You might notice that we haven't included a single mail about teams in pubs, because most of them were terrible. Instead we have a disgruntled Fulham fan and Scouse maths...
If we were Alan Pardew, we'd feel a whole lot better if Rafa Benitez took a job far away from the Premier League. He looks the most vulnerable to a Spanish coup...
When I watched Mike Dean overrule the assistant who flagged for offside against Papiss Cisse as Jonny Evans sliced into his own net on Boxing Day, I wasn't sold on his decision. Mr Dean is one of our very best referees, in my opinion, but I instinctively felt he had got it wrong. I thought Cisse was in a position that certainly warranted a flag going up and the goal not being allowed. Mr Dean felt differently.
I think I can back up my judgement by using the written words of the Laws of the Game. Cisse was unmistakably in an offside position, but the key to this rests on the wording of what constitutes 'interfering with an opponent'. I would argue that common sense dictates that a centre-forward, with the ball coming to him, stood in the centre of the goal, in the six-yard box, is forcing a defender to make a block, and therefore is interfering with the defender. However, we're not dealing with common sense, are we? We're dealing with FIFA.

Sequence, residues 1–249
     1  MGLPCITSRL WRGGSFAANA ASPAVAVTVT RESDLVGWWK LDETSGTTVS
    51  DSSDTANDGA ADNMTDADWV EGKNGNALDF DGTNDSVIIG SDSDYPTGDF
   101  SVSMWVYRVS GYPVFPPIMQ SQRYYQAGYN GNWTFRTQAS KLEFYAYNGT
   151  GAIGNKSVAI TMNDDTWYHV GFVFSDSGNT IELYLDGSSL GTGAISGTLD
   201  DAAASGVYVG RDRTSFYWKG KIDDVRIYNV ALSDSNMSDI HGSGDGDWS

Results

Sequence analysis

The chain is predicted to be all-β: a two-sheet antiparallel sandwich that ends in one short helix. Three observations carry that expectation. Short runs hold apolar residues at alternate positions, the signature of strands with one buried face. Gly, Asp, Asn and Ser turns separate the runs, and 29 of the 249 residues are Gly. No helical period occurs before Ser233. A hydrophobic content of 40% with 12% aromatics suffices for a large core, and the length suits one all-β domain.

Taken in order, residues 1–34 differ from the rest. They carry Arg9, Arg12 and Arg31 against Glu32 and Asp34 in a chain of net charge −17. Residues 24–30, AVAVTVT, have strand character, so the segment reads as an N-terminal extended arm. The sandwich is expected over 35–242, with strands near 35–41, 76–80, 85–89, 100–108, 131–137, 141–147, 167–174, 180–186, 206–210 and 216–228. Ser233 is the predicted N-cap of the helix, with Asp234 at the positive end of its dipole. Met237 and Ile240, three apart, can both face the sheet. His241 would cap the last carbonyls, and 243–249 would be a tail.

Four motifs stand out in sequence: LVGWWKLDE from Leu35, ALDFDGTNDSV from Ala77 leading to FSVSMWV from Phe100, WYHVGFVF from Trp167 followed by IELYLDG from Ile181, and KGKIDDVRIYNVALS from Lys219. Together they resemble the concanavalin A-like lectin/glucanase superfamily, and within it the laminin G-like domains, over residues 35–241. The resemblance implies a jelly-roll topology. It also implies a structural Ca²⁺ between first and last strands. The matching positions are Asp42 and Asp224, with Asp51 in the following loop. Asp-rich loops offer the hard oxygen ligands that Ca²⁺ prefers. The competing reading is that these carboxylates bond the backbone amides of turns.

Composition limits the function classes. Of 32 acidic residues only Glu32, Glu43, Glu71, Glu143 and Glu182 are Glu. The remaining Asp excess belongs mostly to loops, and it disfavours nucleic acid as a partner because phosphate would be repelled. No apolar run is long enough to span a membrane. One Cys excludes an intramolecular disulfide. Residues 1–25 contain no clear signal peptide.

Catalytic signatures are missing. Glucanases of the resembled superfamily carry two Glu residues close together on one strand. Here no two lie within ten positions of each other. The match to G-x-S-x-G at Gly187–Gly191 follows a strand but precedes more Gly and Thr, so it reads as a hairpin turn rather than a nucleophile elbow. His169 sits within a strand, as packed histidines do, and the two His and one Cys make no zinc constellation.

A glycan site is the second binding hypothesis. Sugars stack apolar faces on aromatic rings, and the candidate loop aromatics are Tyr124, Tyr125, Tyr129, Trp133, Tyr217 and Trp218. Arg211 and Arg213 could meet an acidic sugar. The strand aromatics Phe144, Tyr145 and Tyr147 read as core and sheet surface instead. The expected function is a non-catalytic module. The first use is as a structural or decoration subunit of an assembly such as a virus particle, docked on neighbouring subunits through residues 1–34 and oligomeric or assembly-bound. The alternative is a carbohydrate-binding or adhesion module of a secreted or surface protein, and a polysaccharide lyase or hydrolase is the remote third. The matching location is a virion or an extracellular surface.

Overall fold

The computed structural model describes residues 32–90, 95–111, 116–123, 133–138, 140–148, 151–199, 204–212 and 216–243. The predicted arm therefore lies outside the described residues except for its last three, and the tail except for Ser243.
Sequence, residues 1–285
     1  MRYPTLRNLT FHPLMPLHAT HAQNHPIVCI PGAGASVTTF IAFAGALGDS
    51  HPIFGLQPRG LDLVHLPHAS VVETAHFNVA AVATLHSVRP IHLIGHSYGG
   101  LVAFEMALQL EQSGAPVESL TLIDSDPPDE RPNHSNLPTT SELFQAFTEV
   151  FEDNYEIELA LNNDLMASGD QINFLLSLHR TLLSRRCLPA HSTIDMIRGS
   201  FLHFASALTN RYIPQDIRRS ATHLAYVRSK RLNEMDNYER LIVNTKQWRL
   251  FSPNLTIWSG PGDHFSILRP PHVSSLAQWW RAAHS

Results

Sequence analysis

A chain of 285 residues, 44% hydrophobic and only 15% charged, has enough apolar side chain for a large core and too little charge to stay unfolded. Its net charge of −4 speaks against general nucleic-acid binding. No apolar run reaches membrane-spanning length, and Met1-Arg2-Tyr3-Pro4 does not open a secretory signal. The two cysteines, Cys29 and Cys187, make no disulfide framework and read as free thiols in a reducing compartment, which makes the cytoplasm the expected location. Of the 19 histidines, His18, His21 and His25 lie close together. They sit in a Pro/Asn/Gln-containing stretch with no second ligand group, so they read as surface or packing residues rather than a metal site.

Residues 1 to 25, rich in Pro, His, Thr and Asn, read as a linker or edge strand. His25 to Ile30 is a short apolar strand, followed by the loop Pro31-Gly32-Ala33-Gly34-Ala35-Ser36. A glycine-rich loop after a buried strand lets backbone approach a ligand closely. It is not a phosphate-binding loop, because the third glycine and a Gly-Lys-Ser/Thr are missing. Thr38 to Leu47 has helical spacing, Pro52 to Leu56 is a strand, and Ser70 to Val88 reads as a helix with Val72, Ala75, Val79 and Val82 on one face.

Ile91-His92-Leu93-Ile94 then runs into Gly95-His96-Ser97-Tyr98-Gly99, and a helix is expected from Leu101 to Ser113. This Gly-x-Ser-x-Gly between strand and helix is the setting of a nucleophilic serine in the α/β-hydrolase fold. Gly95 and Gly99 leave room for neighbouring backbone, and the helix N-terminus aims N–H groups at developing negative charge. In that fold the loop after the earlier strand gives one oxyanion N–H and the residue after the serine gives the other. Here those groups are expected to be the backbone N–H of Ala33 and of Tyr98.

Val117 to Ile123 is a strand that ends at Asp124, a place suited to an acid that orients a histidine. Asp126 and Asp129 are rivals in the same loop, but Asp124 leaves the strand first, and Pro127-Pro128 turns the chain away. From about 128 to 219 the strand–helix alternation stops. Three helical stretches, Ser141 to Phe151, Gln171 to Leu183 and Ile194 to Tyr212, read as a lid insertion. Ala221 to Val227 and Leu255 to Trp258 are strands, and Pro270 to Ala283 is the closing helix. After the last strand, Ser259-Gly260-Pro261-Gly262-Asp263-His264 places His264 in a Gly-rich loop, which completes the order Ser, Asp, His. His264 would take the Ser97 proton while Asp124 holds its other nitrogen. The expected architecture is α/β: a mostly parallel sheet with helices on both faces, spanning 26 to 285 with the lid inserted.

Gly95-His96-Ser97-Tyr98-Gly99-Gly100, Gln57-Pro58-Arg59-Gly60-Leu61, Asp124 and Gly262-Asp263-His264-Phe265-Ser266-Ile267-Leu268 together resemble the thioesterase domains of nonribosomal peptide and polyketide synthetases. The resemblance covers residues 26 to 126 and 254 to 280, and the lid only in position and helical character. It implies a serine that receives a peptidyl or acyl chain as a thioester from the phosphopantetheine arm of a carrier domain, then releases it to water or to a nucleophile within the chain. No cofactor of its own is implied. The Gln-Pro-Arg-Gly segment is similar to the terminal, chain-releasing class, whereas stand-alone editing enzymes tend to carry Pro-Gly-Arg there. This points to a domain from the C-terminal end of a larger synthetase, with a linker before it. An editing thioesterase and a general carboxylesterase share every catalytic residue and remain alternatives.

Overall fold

The laws state that: 'Interfering with an opponent means preventing an opponent from playing or being able to play the ball by clearly obstructing the opponent's line of vision or movements or making a gesture or movement which, in the opinion of the referee, deceives or distracts and opponent.'
I would argue that, as stated, a player making a movement into the six-yard box is distracting a defender and the last line backs me up in thinking it should be given as offside. I would say Cisse made a movement that distracted Evans, and the evidence is that Evans and Cisse were actually in contact with one another. However, referees in the top flight will occasionally detail an FIFA directive that essentially says that a player in this sort of position, provided he doesn't block the goalkeeper's view, isn't offside until he plays the ball.
The frustration to me is that this isn't common knowledge. If this is the way things are to be, everyone needs to be aware. I am fine with the words 'in the opinion of the referee' involved in legislature, because that's a major part of officiating, but if Mike Dean's interpretation is accepted to be the correct one - and directives have to be issued to clarify matters - don't you think the Law should be better worded in the first place?